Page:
The Tesla Model 3 is the newest and most inexpensive model in the Tesla lineup, and while it lacks some of the features found in the more expensive Model S and Model X, it may end up exceeding them on the self-driving technology front. How? One document appears to reveal an intriguing clue: redundant steering motors, which brings it one step closer to a level of automation where the driver is not required to monitor the driving environment.

Tesla has planned for the Model 3 to deploy self-driving technology in the future with an optional $3,000 “Full Self-Driving” package, which can be added on top of the $5,000 Enhanced Autopilot package. But that package received criticism for being offered with the disclaimer that it is “dependent upon extensive software validation and regulatory approval, which may vary by jurisdiction.” Still, the recently released Model 3 Emergency Response Guide, gives us a hint on how they could get closer, from a hardware perspective, to accomplishing that.

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The Emergency Response Guide is a standard document made available for most cars on the market to help first responders with things like how they can shut down or cut into a car. In the Model 3's case, though, the guide is seemingly a bit more revealing, showing where the high-voltage components are along with the location of all of the strengthened steel, in addition to what look like redundant steering motors.

Here, we see a drivetrain diagram on the “Drive Unit” page which shows the steering rack in front. This depiction also shows what appears to be Tesla’s first production implementation of redundant steering motors with fully independent electrical circuits. That’s a significant improvement over the Model S and X racks, as each of those use a single motor unit. The single motor unit does not provide any direct redundancy which could limit those models to SAE Level 2 automation, which would always require the driver to monitor the car. (A spokeswoman for Tesla did not immediately respond to a request for comment; we’ll update this post if we hear back.)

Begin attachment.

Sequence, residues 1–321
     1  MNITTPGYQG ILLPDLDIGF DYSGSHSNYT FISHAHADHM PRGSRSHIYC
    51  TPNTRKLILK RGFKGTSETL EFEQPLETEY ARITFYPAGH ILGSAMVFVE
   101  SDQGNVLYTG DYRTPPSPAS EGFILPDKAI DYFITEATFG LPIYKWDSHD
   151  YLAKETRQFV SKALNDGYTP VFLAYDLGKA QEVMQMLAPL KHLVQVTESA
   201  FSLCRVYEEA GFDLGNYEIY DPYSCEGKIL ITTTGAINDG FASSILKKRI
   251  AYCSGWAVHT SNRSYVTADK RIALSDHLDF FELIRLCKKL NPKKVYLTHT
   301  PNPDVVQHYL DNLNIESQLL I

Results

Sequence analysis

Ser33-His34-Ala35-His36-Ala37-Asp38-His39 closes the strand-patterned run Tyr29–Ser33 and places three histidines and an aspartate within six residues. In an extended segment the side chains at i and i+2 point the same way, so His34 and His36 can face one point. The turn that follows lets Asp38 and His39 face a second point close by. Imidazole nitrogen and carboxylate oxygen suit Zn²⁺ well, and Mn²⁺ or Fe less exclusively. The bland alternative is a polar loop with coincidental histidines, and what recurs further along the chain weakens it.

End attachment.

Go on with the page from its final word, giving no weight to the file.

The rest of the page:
The Model 3 implementation, though, could help it get to SAE Level 3 automation or above, and is one of the only parts where the Model 3 is more advanced than its higher-end siblings. Although this is the first production implementation that I have spotted, it is important to note that Volvo has also implemented some redundancy in the S90 steering rack by using dual independent windings according to a report by IEEE Spectrum.

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Independent windings work in a similar manner to dual motors but also may be installed on the same shaft, depending on the implementation. Another method of indirect redundancy uses the brake system, in which the system pump can cycle an individual wheel to control the direction of the car in case of steering failure; it’s unclear, though, whether such a system would be enough for Level 3 automation or above.

General Motors has recently stated that they have produced around 130 autonomous Chevy Bolt EVs, which appear to be at Level 4 of automation based on their description. But a check of the parts diagrams shows a column-mounted steering motor that appears to have no direct redundancy. They might be modifying the configuration for the autonomous cars and installing a different motor setup, or relying on the brakes for indirect redundancy which could make the Model 3 superior when it comes to steering safety.

While the redundant rack on the Model 3 is a big step in the right direction, there are many other hardware and software components that still need to be fully developed in order to implement automation at a level where the driver can be fully hands-off—and maybe take a nap.

Bozi was born in the land of the Yugo but grew up flipping Chevys in the Southeast US. His automotive background ranges from running a used car sales and service facility to building junkyard LS engines and fixing endurance cars. You can find him on Twitter and YouTube.